Captains

*Nathan van Berlo missed the entire 2014 season after injuring his right Achilles tendon in pre-season training. Rory Sloane and Patrick Dangerfield acted as co-captains during his absence. [59]

Current playing list and coaching staff

Adelaide Football Club
Senior listRookie listCoaching staff

Head coach

Assistant coaches


Legend:
  • (c) Captain(s)
  • (vc) Vice captain(s)
  • (B) Category B rookie
  • italics - Inactive player list
  • Cruz Roja.svg Long-term injury
  • (ret.) Retired

Updated: 19 June 2021
Source(s): Senior list, Rookie list, Coaching staff

Past players

See List of Adelaide Football Club players

Pre-season competition

2003 Wizard Cup Grand Final SG GBTotal
Adelaide2138104
Collingwood 191073
Venue: Telstra Dome, MelbourneCrowd: 43,571
2012 NAB Cup Grand Final SG GBTotal
Adelaide2101795
West Coast 251361
Venue: Football Park, AdelaideCrowd: 27,376
2018 AFLX Group 1 Grand Final SG GBTotal
Adelaide33755
Geelong 24347
Venue: Coopers Stadium, AdelaideCrowd: 10,253

AFL Women's team

Adelaide AFLW team running out prior to the round 6, 2017 match against Melbourne. Adelaide AFLW.3.jpg
Adelaide AFLW team running out prior to the round 6, 2017 match against Melbourne.

The Adelaide AFLW team is the club's women's team in the AFL Women's league. A founding member of the AFLW, the football club launched a bid to enter a team in the 2017 AFL Women's season in April 2016. [60] The bid was constructed in partnership with AFL Northern Territory, with the club to share resources and facilities between its Adelaide base and AFLNT's Darwin location. [60] The bid became a success in June of that year when the league announced they had been awarded one of eight inaugural licences. [61]

Under inaugural coach Bec Goddard, [62] the team won the first ever AFLW premiership in 2017. [63] The season was also a highlight for individual success with co-captain Erin Phillips winning the league most valuable player [64] and best on ground in the grand final. [63] Missing the finals in 2018, Goddard quit as coach [65] and was replaced by Matthew Clarke for the 2019 season. [66] Winning six out of the seven home and away games, the club returned to finals and won its second premiership with a 45-point win against Carlton. [67] Erin Phillips repeated her individual success by winning the league MVP for the second time [68] and the grand final best on ground despite leaving the ground injured in the third quarter. [67] It was announced in August 2019, the partnership between Adelaide and AFLNT would not continue. [69] During the COVID-19-interrupted 2020 season, the Crows slumped to only two wins and failed to reach the finals. The club quickly rose back up the following year and won 7 of 9 home-and-away matches, and claimed the minor premiership for the 2021 season. [70]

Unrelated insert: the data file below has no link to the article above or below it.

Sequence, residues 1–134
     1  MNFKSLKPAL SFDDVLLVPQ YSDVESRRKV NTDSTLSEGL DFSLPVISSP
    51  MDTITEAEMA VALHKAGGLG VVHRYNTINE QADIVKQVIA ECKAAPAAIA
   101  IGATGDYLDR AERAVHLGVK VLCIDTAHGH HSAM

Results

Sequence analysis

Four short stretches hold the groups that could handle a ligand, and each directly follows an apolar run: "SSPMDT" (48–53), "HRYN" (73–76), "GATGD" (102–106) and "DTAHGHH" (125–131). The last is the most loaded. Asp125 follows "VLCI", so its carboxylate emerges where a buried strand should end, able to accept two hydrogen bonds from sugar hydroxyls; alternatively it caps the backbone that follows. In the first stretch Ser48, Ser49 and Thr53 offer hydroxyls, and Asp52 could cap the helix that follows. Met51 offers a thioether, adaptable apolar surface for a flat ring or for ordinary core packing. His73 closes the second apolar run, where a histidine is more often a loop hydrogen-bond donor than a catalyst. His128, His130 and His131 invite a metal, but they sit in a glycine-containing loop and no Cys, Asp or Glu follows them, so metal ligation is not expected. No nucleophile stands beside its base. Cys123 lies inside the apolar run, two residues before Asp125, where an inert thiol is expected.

Current squad

Adelaide Football Club (AFL Women's)
Senior listRookie listCoaching staff

Head coach

Assistant coach


Legend:
  • (c) Captain(s)
  • (vc) Vice captain(s)

Updated: 19 June 2021
Source(s): Players, Coaches

Season summaries

Adelaide AFLW honour roll
SeasonLadderW–L–DFinalsCoachCaptain(s)Best and fairest Leading goal kicker
2017 2nd5-2-0 Premiers Bec Goddard Erin Phillips & Chelsea Randall Erin Phillips Erin Phillips (10)
2018 5th3–3–1DNQ Bec Goddard Erin Phillips & Chelsea Randall Chelsea Randall Erin Phillips (7)
2019 1st ^6–1–0 Premiers Matthew Clarke Erin Phillips & Chelsea Randall Erin Phillips Stevie-Lee Thompson (14)
2020 11th ^2–4–0DNQ Matthew Clarke Erin Phillips & Chelsea Randall Anne Hatchard Danielle Ponter (5)
2021 1st7–2–0 Runners-up Matthew Clarke Chelsea Randall Ebony Marinoff Erin Phillips (14)

^ Denotes the ladder was split into two conferences. Figure refers to the club's overall finishing position in the home-and-away season.

SANFL team

The Adelaide Crows were granted a license to field a stand-alone reserves men's team in the South Australian National Football League (SANFL) in 2014. [71] Prior to this date AFL-listed players at the club were drafted to SANFL clubs, and would play for them when not selected for the AFL team.

Adelaide SANFL honour roll
SeasonLadderW-L-DFinalsCoachCaptain(s)Best and fairestLeading goal kicker
2014 8th7-11-0DNQ Heath Younie Ian Callinan Ian Callinan Ian Callinan (27)
2015 7th8-9-1DNQ Heath Younie Ian Callinan Ian Callinan James Podsiadly (46)
2016 4th11-7-0Preliminary finals Heath Younie Luke Carey Jonathon Beech Harry Dear (37)
2017 8th7-11-0DNQ Ryan O'Keefe Alex Keath & Hugh Greenwood Scott Thompson Troy Menzel (24)
2018 10th1-17-0DNQ Ryan O'Keefe Rotating [lower-alpha 1] Patrick Wilson Ben Davis (22)
2019 3rd11-6-1Preliminary finals Heath Younie Matthew Wright Patrick Wilson Tyson Stengle (30)
2020 Did not field a team due to the COVID-19 pandemic
2021 TBCTBCTBC Michael Godden Matthew Wright TBCTBC

Other ventures

In May 2017 Adelaide announced that they had acquired Australian E-Sports team Legacy eSports, whose divisions include League of Legends and Rocket League . [72] In 2018 the club also acquired the Australian Baseball League franchise Adelaide Bite.

See also

Notes